With this sort of a pattern – traditionally database managers had two choices overprovision for peak usage (and overpay) to ensure performance or under provision and affect performance and customer satisfaction. Additionally, this represents a huge management overhead with long implementation times and unpredictability in the cost of providing databases to the application. With Elastic Database Pools partners can provide efficient management services without much overhead by managing hundreds or thousands of databases as a pool with an overall capacity and cost rather than individual databases. The following sections explain the concepts of the Elastic Database Pool and how to manage the capacity and usage through the CSP program.
The following theoretical example helps explains how an Elastic Pool shares capacity between two databases with non-overlapping usage. Imagine an application with two databases DB01 and DB02. DB01 is determined to need 100 DTUs during the first half of the day from 00:00 hours to 12:00 and DB02 is determined to need 50 DTUs during the second half of the day from 12:00 to 24:00 hours. In the single database model you would have to provision two databases for a total of 150 DTUs and manage their capacities individually in spite of the fact that for half the day this capacity is lying unutilized. Given the non-overlapping usage pattern of the two databases, these two databases can be added to an elastic pool of 100 DTUs while still maintaining the performance SLA thereby cutting the resource costs by up to a third. Now imagine DB1 extends its usage period from 12:00 hours to 24:00 hours with a resource need of 50 DTUs during the second half of the day. In this case, we would put a Max cap of 100 DTUs on the databases in the pool. The elastic pool will then ensure that during the second half of the day both DB01 and DB02 share the 100 DTUs in the pool but DB01 is allowed to utilize all 100 DTUs in the first half.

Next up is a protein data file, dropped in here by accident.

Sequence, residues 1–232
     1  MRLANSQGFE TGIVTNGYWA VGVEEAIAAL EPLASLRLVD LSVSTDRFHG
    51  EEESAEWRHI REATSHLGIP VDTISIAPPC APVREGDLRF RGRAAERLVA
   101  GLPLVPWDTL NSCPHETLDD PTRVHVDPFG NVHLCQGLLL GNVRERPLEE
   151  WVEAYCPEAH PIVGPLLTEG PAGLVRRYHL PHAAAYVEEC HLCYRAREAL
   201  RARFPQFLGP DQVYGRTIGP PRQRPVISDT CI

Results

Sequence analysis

While the above theoretical example explains how a shared resource pool of 100 DTUs can be shared between two databases without affecting end user performance SLA with predictable costs, the shared elastic pool concept really proves its worth when it comes to real life SaaS applications with large number of databases with bursty non-overlapping usage patterns.
In summary, in an elastic database pool, the databases are allocated a pool of resources (DTUs) that are shared across databases to accommodate the needs of the individual databases in the pool. The DTU requirement for the pool is determined by the aggregate utilization of its concurrently active databases and the Storage limit per pool is determined by the DTU guarantee for the pool. There are three important performance settings for the pool and subsequent sections provide guidance on how to determine these settings for the pool: